Some Asian elephants are a little shy about their eating habits. They sneak into dumpsites near human settlements at the edge of their forest habitats and quickly gobble up trash – plastic utensils, wrappers and all. But their guilty pleasure for fast food is traveling with them – elephants carry plastic and other human waste deep into the forests of parts of India.
“When they defecate, the plastic comes out of the feces and settles in the forest,” said Gitanjali Katlam, an ecology researcher in India.
While much research has been done on the spread of plastics from human pollution in the world’s oceans and seas, much less is known about how this waste moves with terrestrial wildlife. But elephants are important seed dispersers, and research published this month in the Journal for Nature Conservation shows that the same process that keeps ecosystems functioning could carry human-made pollutants into national parks and other places. wild areas. This plastic could have negative health effects for elephants and other species that have consumed the material once it has passed through the digestive systems of large mammals.
Dr Katlam first noticed elephants feeding on trash on trail cameras during his PhD. work at Jawaharlal Nehru University. She was studying which animals visited garbage dumps on the outskirts of villages in northern India. At the time, she and her colleagues also noticed plastic in elephant droppings. With the Nature Science Initiative, a non-profit organization focused on ecological research in northern India, Dr. Katlam and his colleagues collected droppings from elephants in the state of Uttarakhand.
The researchers found plastic in all the excrement near the village dumps and in the forest near the town of Kotdwar. They only walked a mile or two into the forest looking for droppings, but the elephants likely carried the plastic much further, Dr Katlam said. Asian elephants take about 50 hours to feed and can walk 10 to 20 km per day. In the case of Kotdwar, this is of concern as the town is only a few kilometers from a national park.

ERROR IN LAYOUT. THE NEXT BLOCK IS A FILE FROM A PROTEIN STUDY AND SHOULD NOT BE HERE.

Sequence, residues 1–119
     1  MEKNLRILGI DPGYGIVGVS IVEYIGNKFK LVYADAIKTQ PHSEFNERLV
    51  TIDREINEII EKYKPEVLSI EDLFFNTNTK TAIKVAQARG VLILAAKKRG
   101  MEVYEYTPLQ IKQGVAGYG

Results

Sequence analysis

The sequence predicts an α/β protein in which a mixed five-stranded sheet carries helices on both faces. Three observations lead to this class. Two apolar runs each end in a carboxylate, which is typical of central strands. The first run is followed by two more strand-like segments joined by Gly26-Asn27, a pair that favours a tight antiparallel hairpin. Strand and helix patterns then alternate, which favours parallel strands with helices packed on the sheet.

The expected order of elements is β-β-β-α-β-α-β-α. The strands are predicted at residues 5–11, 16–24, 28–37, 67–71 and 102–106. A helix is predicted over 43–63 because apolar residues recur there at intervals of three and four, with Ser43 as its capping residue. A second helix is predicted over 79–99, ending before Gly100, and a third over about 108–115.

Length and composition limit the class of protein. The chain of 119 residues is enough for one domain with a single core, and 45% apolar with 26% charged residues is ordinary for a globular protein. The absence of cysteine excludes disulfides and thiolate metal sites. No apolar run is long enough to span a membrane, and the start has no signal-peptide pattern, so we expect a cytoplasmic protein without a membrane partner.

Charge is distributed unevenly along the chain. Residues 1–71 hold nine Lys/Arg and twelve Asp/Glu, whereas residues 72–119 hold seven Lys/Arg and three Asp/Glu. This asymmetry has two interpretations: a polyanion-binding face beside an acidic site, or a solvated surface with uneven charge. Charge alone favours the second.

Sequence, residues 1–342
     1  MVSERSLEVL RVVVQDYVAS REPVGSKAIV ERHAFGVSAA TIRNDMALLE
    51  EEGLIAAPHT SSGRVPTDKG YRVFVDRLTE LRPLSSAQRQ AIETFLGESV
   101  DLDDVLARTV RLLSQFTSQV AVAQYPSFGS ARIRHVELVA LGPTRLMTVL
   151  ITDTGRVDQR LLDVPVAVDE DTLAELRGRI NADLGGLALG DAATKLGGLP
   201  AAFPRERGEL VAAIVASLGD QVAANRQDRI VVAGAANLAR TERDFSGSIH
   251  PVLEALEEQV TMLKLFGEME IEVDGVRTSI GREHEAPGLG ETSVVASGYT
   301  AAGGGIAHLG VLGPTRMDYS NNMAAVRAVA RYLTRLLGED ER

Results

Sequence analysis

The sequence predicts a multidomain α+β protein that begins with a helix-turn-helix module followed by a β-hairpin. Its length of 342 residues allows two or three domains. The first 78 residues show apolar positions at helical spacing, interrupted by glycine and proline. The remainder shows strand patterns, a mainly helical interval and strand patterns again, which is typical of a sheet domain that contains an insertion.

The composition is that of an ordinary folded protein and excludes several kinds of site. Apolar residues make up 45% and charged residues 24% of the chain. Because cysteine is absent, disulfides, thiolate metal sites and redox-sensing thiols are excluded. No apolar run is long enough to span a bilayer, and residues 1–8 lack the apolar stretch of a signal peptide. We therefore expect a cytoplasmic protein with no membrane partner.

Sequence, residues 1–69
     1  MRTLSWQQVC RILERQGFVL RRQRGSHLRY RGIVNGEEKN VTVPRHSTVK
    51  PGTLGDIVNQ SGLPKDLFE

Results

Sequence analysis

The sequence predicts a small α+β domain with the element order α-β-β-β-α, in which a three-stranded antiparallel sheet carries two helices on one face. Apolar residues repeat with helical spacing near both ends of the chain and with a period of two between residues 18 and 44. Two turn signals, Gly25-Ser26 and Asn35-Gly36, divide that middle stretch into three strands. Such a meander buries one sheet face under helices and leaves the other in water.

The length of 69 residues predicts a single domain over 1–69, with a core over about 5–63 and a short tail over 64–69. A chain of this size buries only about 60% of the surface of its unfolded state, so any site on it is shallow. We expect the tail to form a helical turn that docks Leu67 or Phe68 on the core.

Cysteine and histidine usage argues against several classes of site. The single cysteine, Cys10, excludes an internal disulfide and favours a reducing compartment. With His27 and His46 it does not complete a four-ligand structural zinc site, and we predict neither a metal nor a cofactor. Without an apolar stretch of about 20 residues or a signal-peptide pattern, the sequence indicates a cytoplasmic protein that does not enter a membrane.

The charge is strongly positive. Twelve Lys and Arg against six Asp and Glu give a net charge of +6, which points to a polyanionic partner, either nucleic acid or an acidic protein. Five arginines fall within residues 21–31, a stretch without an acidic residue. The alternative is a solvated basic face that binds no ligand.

“This adds proof that plastic pollution is ubiquitous,” said Agustina Malizia, an independent researcher with Argentina’s National Council for Scientific and Technical Research, who was not involved in this research but studied the effects of the plastic on terrestrial ecosystems. She says the study is “extremely needed” because it could be one of the first reports of a very large land animal ingesting plastic.
Plastic made up 85% of the litter found in Kotdwar’s elephant dung. The bulk came from food containers and cutlery, followed by plastic bags and packaging. But the researchers also found glass, rubber, fabric and other trash. Dr Katlam said the elephants were probably looking for containers and plastic bags as they still had leftover food inside. The utensils were probably eaten in the process.
As waste passes through their digestive system, elephants can ingest chemicals like polystyrene, polyethylene, bisphenol A and phthalates. It’s unclear what damage these substances can cause, but Dr Katlam fears they could contribute to declining elephant numbers and survival rates.
“Other animals know their stomachs can fill with plastic, causing mechanical damage,” said Carolina Monmany Garzia, who works with Dr. Malizia in Argentina and was not involved in Dr. Katlam’s study.
Other animals can again consume the plastic once it is transported into the forest through elephant droppings. “It has a cascading effect,” Dr. Katlam said.
Dr Katlam said Indian governments should take steps to manage their solid waste to avoid such problems. But individuals can also help by separating their food waste from the containers so the plastic doesn’t end up being eaten so much by accident.
“It’s a very simple step, but a very important step,” she said.
“We need to realize and understand how the overuse of plastics affects the environment and the organisms that inhabit them,” Dr Mealizia said.